The Introduction argues that revolutions should not be viewed as either successes or failures. Since the 1979 revolution, the public sphere in Iran has become an arena of high-stakes debates on religion, because the Islamic republic set out to Islamize the society from top to bottom. This chapter documents the profound interlacing of mystic Islam with official legalistic Islam. Muslim Iranians have become far more knowledgeable about religion than they were before. The reasons for undertaking religious rituals are at the heart of these debates.
This chapter presents a detailed ethnography of the presence of poetry in childhood of the Iranian women whom I interviewed and with whom I held gatherings, and also the presence of poetry in their lives at the moment. It shows the crucial importance of classical, mystic poetry as a source of ideas about religion, divinity, the individual, piety, and the heart as the preferred seat of piety, as opposed to ostentatious acts that are visible to others to prove one's Godliness.
This chapter is concerned with the details of the most central ritual in Islam, the five daily, obligatory prayers, called namaz in Persian and salat in Arabic. It describes the contents of the shortest namaz and then analyzes what the women who were my interlocutors describe as a "good namaz," one that is made with "presence of the heart," concentration, and sincerity. Among the points made are that this ritual is practiced, rather than repeated, every day and that the fixity of the forms (as verses of the Qur'an) do not limit the meanings that reciters wish to convey to God. This chapter challenges received wisdom in the social sciences that repetition necessarily leads to roteness, and gives a visual example of religious imagination and techniques of concentration.
This chapter is about do'a, a kind of prayer that is not obligatory but that everyone engages in. The chapter presents a number of moving narratives about times when the women experienced anger and disappointment with God. As a spontaneous conversation with God, a do'a is said in Persian, while a namaz, discussed in Chapter 2, is in Arabic. The chapter shows how certain do'a sessions with God become hard to characterize using available religious terminology, as they cover many different grounds based on what is occupying the mind of the believer.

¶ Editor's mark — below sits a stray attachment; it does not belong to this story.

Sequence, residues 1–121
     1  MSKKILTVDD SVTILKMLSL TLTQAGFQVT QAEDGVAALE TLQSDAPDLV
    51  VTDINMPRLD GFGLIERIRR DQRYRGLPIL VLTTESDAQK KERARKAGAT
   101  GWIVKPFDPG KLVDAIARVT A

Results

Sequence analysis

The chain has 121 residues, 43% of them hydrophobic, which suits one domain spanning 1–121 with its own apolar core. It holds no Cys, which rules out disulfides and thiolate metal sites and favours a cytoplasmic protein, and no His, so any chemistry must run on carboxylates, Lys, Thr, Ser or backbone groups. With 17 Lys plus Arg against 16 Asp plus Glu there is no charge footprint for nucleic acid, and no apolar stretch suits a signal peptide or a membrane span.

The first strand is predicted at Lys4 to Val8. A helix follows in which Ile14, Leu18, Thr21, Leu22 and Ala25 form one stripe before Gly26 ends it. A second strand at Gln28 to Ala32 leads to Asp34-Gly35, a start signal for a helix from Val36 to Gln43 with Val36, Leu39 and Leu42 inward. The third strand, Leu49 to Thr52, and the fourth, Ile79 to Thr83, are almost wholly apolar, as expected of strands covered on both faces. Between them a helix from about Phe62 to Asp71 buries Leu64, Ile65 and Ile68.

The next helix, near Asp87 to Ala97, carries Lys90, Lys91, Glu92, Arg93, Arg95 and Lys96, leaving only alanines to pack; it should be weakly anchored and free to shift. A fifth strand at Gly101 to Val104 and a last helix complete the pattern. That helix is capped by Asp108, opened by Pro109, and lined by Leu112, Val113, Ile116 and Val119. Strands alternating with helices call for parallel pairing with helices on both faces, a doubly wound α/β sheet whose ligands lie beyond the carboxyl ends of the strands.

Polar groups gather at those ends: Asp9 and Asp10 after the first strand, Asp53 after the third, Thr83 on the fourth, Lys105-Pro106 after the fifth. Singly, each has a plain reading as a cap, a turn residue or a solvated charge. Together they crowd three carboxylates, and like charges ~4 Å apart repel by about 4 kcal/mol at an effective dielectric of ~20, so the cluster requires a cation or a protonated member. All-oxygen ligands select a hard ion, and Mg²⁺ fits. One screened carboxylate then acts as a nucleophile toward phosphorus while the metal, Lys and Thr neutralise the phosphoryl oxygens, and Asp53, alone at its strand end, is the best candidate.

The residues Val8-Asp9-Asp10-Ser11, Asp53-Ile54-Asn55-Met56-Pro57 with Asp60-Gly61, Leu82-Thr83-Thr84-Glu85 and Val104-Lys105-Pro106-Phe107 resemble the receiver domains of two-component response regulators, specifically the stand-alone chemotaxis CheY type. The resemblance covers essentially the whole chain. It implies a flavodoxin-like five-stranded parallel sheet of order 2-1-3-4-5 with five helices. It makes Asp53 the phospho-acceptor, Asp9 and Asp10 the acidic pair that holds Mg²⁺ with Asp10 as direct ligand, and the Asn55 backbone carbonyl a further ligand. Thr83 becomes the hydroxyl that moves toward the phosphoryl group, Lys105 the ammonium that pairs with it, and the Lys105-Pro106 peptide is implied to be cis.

This chapter is about prayer books that contain prayers traditionally thought to be written by the Shi'a Imams. Because the chain of transmission for these prayers is lengthy, covering several centuries, some are skeptical of their authenticity. This chapter presents a social history of the two best-known prayer books in Iran and then moves on to more recent ones, in particular those produced by the younger generation and women. One woman's books have won prizes and have broadened what can be characterized as do'a. These recent prayer books are seen as representing "simple mysticism," and they are all written in Persian.
This final chapter offers two stunning ethnographic examples of changes in forms of religiosity that show the effects of the revolution: a woman changing a phrase in a verse of the Qur'an to stay true to her own thinking; and a marked-up page of the Qur'an. Haeri re-states that Iranians have become far more knowledgeable about matters of religion; that they engage in agentive deliberation; and that their understandings are reached through a back-and-forth between what the communities they are in touch with argue and what they arrive at through their own analyses. It also summarizes the argument first presented in Chapter 1 that to understand religiosity, we must find ways of going beyond a wholly meaning-centered approach and pay attention to evocations of others' presences, the Prophet, Imams, ancestors, and relatives, in religious acts, prayers, poems, and texts.